At the gym and on the streets, this Ironman is exactly that. Once you master the interface, it’s easy to track and store lap times and manage alarms. There’s even a 10-entry Memo Pad, which allows you to store “three pages of eight characters each.” Check it out!

timex ironman flix with GearJunkie memo
(Photo/Josh Wussow)

Another feature rarely found on simplistic digital watches is Timex’s hands-free Night-Mode. Activated by holding down the upper left button, this feature will trigger the signature Indiglo when you lift your wrist.

Overall, the Flix packs in a good amount of features and feel-good. But once you get past the retro charm, a few shortfalls begin to show.

Beware the Pitfalls of Nostalgia

One of the Flix’s selling points is its simplicity and, outside of a learning curve with its chronograph and lap memory, this rings true.

But unfortunately, the simple resins of the watch’s chassis and buttons feel a bit … basic. It’s like a Pontiac Sunfire — compact and sporty in appearance, but made with a lot of hard, cheap plastics.

I even made a trip to the local Target to compare the materials with a few cheaper models, and I’d be shocked if the resins weren’t the same.

Also, there’s the advertised night mode, which the press data says, “can be activated simply by raising your arm.” In testing, I found that a more significant flick, flap, or shake was required to summon the glow.

timex ironman flix next to G-SHOCK
(Photo/Josh Wussow)

But there’s one issue here that overshadows all of these gripes: The $109 price tag.

That’s nearly the same as a G-SHOCK with solar charging, 200M of water resistance, and multi-band atomic timekeeping. Now, there is a caveat; the GWM5610-1 shown above goes for $150 on Casio’s official website, which is significantly more than the Flix.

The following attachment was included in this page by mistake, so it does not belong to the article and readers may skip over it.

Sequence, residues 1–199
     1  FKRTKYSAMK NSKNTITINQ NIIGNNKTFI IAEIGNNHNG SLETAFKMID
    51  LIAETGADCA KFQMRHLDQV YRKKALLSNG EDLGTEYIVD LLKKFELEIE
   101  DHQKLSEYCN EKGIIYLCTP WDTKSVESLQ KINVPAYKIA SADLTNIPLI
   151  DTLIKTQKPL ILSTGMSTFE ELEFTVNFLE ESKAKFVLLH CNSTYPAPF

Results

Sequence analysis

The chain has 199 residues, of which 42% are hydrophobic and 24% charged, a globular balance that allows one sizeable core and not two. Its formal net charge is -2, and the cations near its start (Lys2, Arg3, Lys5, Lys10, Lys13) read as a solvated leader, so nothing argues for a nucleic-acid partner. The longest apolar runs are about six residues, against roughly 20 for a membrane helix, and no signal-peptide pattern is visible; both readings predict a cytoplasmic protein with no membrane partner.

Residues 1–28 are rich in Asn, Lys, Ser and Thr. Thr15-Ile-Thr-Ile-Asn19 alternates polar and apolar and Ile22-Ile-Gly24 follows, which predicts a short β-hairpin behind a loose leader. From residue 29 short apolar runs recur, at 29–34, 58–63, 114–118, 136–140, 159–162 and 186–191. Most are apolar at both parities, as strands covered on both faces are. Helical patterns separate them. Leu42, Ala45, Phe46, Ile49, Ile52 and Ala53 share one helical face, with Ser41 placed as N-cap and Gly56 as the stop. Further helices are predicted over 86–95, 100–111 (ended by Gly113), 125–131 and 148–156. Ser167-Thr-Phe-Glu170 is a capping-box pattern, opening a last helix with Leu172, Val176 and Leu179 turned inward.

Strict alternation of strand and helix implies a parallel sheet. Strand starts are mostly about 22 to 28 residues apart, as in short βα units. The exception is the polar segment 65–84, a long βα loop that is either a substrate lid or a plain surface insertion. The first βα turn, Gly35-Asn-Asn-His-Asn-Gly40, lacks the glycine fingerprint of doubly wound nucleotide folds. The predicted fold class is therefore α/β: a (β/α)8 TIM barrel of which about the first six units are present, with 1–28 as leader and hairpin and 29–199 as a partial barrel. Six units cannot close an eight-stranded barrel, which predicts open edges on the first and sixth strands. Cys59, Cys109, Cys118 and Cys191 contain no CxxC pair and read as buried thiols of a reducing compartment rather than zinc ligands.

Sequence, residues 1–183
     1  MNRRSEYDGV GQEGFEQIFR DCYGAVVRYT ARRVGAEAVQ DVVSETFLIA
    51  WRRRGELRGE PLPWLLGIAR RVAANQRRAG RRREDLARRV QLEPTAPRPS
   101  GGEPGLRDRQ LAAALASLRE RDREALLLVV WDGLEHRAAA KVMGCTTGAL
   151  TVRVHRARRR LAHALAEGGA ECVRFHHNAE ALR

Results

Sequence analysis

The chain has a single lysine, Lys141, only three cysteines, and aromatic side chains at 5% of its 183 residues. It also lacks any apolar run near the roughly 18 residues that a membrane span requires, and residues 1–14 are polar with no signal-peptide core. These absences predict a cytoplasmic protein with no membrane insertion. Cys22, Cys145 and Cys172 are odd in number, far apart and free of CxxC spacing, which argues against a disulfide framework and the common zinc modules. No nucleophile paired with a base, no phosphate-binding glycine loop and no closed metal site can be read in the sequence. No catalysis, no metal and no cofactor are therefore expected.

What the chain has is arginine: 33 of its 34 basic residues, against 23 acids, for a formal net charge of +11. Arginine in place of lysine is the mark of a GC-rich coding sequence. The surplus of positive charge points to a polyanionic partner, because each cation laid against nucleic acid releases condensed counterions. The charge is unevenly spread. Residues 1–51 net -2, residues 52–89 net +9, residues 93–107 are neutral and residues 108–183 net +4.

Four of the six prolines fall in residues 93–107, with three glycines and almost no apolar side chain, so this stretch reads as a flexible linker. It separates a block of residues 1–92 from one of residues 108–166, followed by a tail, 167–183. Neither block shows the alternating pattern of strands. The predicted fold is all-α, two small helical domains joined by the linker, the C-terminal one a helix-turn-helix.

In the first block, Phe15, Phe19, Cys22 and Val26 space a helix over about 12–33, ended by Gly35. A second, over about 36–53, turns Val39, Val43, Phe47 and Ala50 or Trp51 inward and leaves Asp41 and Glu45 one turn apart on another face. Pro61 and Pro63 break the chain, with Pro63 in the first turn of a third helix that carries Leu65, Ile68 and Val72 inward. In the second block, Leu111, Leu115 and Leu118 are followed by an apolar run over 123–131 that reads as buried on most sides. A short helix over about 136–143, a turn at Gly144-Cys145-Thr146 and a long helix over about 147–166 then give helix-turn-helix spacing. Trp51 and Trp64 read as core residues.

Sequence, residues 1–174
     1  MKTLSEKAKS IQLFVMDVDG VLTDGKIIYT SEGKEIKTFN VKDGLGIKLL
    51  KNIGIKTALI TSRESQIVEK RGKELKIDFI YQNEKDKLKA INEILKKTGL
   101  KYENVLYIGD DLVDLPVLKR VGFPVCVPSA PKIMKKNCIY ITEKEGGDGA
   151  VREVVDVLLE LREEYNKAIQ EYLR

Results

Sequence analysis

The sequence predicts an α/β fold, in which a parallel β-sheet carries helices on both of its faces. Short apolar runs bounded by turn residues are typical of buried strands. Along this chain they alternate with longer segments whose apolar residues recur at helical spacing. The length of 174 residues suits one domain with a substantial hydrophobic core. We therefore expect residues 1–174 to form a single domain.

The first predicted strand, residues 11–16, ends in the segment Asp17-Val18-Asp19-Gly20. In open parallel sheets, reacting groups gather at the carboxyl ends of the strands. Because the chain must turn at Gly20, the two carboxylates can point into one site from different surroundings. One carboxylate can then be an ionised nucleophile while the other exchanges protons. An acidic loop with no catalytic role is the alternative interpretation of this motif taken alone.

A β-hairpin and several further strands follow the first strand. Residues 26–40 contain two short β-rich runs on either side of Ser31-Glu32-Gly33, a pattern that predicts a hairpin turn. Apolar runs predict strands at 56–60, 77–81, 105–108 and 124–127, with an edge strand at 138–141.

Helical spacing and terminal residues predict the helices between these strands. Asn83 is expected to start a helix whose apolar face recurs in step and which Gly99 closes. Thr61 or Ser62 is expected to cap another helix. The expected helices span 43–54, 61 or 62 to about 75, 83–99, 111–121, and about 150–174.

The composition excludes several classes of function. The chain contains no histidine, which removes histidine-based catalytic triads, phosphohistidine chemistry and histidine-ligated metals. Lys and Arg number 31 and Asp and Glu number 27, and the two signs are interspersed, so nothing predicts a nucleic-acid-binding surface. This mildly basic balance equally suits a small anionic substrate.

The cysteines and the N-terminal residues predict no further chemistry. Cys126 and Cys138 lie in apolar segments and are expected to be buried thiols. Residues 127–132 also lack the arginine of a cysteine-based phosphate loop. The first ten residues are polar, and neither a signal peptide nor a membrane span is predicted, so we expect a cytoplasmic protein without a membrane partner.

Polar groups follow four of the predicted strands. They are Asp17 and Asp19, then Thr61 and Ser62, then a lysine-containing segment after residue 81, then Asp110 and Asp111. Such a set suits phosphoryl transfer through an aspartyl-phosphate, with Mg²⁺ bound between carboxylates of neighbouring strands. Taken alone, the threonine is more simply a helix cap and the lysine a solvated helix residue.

But I paid $99 on Amazon for the G-SHOCK, and they are widely available in that range.

Conclusion: Huckberry x Timex Ironman Flix Review

timex ironman flix
(Photo/Josh Wussow)

My enthusiasm for Timex’s new direction is well-documented. Watches like the Pan-Am and Q Chronos and the Expedition North Field Post are outstanding, and show that the company can simultaneously innovate and honor its back catalog.

Maybe that’s why I feel a bit let down by the Flix. From a nostalgia standpoint, you’re getting exactly what’s promised — a capable, all-purpose watch that’s as at home on the track as it is in coveralls or business casual.

But the simple feel of its resin (apart from the lovely and comfortable band) feel less like a ’90s homage, and more like actual $40 plastic from the time of the original Pokemon.

All of this watch’s sins, every one, could be excused at a lower price. But when you poke your head above that $100 waterline, you’re swimming with some pretty big sharks.

Again, the Flix is a good timepiece, even if it’s not quite great. And with the exception of the Nite-Mode issue, it measures up exactly to the company’s billing. If you desperately yearn for a time before the advent of the aughts, this watch will help you get there in era-appropriate style.

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Josh Wussow